Former New York Governor and current NYC Comptroller Candidate Elliot Spitzer was on All In With Chris Hayes last night talking about a number of topics, among them his identification as a feminist in contrast with recent criticism from NOW-NYC President Sonia Ossorio about his history of violating the law by soliciting “an industry that we all know has a long history of exploiting women and girls.” I’m personally torn about this criticism of Spitzer’s past. On the one (very valid) hand, he knowingly and repeatedly violated the law when he was a government official who was meant to uphold the law. It signifies a serious lack of respect for the law and egoism about being above the law. But on the other hand, I’m deeply uncomfortable an across-the-board understanding of sex work as inherently any more exploitative than other types of work under capitalism.
There is a somewhat common, but not universal, viewpoint in the feminist movement that sex work is bad because it exploits women’s bodies and leads to human trafficking of women and children. However, many within the sex work industry see the criminilization of sex work, both on the supply side (sex workers) and the demand side (clients), as actually increasing the danger to those working in the industry, driving it further underground and into even less safe conditions for sex workers who are less able to prevent exploitative situations when they can’t fully screen clients and less able to seek protection when they need it. Portraying sex workers as “victims” does not empower them.
Furthermore, in an effort to stop human trafficking, increasing policing of sex work can sometimes actually decrease the means for fellow sex worker advocates or law enforcement to identify potential human trafficking situations, because the visibility of sex work is driven further underground and thus it is more difficult to discover these scenarios. SWOP-NYC, a New York City based sex workers advocacy organization, protested the Village Voice shutting down their “Backpage” for sex work advertising since the Backpage was a useful source in identifying potential trafficking situations. But anyway, Spitzer himself passed legislation trying to address human trafficking, acknowledging that while he was a sex work client himself, he wanted to prevent the exploitation of the trafficking industry.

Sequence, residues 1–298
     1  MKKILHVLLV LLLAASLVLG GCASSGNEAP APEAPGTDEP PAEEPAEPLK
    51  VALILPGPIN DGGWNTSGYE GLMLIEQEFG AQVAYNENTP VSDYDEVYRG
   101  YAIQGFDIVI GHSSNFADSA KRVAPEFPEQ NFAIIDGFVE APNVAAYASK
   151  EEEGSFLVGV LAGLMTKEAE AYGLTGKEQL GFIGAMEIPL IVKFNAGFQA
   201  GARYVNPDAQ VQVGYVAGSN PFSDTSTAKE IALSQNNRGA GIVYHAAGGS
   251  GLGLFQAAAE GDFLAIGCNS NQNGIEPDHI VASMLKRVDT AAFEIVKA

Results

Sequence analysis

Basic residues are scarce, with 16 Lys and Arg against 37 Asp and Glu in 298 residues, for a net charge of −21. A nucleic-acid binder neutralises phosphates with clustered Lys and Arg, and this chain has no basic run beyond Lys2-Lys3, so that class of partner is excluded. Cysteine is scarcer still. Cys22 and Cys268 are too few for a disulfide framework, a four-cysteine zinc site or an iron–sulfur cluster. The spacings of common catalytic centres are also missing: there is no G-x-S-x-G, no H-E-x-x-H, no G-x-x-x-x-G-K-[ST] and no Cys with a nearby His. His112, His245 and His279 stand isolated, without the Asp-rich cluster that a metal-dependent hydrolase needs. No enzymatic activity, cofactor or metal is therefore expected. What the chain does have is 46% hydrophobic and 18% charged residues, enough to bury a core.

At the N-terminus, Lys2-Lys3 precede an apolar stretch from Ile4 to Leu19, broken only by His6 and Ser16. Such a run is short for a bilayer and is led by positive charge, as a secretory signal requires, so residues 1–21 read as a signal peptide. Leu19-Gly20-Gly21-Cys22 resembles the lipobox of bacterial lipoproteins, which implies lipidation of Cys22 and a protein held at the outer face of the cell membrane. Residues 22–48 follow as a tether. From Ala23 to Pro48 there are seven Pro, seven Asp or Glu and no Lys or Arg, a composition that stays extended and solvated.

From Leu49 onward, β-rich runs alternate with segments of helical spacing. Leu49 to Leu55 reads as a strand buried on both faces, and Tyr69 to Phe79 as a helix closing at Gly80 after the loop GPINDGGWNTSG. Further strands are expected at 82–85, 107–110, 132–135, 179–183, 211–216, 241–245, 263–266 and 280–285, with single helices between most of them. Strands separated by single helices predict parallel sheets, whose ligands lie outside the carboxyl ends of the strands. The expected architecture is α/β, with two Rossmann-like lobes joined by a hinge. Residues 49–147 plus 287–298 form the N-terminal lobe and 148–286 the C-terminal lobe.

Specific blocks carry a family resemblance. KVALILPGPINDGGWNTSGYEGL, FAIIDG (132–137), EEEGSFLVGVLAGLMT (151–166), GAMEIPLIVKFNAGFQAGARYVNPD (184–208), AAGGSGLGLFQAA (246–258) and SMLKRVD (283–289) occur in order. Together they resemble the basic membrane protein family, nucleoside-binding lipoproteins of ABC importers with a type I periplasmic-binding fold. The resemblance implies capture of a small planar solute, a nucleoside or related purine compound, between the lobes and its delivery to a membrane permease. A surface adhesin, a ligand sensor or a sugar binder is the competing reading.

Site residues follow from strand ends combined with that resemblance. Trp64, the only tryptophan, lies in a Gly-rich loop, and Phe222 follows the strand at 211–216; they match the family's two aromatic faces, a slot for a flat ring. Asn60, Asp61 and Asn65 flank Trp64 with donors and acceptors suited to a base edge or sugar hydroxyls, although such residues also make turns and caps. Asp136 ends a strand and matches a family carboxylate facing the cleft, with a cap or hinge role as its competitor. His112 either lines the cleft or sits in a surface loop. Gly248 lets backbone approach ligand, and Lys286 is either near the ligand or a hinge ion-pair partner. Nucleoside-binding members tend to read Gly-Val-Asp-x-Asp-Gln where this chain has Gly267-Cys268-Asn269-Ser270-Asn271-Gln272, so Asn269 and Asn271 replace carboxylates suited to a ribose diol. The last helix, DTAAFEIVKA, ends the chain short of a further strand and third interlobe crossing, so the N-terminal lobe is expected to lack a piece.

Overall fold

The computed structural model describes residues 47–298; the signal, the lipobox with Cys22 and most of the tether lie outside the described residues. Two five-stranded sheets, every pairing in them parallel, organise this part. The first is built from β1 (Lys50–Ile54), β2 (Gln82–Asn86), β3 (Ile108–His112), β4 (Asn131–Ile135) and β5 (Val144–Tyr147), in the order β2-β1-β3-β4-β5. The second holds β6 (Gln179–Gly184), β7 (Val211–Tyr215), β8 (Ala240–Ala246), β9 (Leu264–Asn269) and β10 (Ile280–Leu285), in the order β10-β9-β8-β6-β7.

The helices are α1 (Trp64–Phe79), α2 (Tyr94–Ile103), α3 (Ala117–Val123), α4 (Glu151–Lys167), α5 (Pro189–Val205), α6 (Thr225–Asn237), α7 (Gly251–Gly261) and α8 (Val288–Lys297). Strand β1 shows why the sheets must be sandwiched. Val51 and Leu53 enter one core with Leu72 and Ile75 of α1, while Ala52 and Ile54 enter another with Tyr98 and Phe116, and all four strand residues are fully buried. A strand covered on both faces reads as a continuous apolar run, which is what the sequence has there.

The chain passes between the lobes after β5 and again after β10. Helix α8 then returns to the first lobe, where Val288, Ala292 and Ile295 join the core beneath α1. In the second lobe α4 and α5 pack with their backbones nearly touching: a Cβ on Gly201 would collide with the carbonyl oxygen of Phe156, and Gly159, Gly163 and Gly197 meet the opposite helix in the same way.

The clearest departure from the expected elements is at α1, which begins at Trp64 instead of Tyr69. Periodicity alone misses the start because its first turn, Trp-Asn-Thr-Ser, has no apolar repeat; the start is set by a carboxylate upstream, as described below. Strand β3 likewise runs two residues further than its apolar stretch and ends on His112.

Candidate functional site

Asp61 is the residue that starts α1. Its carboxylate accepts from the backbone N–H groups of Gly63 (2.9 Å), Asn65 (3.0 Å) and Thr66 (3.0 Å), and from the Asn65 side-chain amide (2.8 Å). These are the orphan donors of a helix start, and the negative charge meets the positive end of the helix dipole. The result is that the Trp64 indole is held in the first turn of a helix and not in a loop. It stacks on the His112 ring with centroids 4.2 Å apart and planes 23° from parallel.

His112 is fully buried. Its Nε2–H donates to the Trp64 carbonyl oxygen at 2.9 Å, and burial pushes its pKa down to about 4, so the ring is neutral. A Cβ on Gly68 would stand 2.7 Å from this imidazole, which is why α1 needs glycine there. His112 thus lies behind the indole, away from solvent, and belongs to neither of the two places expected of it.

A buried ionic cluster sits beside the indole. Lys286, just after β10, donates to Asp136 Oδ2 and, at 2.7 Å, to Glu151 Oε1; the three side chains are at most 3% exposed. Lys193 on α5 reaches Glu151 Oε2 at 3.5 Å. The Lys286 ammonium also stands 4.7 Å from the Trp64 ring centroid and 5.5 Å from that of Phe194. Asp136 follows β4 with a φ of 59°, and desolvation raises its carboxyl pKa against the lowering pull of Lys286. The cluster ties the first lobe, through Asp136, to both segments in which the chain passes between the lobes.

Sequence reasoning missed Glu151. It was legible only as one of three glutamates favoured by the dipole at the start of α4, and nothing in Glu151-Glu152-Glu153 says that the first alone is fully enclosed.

This is a complicated issue, and one I am no expert in. But an across-the-board judgment of Spitzer for his use of sex work on the grounds that it is anti-woman is an over-simplification and does not give credit to the pro-woman the work he did as Attorney General and Governor of New York. When asked if he’s a feminist, he doesn’t hesitate to say yes and doesn’t feel the need to qualify his identity as a feminist. He goes on to say that he’s shown “devout dedication to women’s rights on the issues of choice, on the issues of equal pay, on the issues of discrimination… I’m asking the public, look at the totality of the record.”
G-ddamn, I’m so easily charmed by politicians. I don’t think his commitment to feminism should really be questioned, but it’s definitely fare game to discuss and judge his breaking the law and then asking to be a lawmaker again. This isn’t Chicago after all (no offense, Windy City).
Video below. Discussion encouraged in comments.
What’s up with our kinky ballot this year, NYC?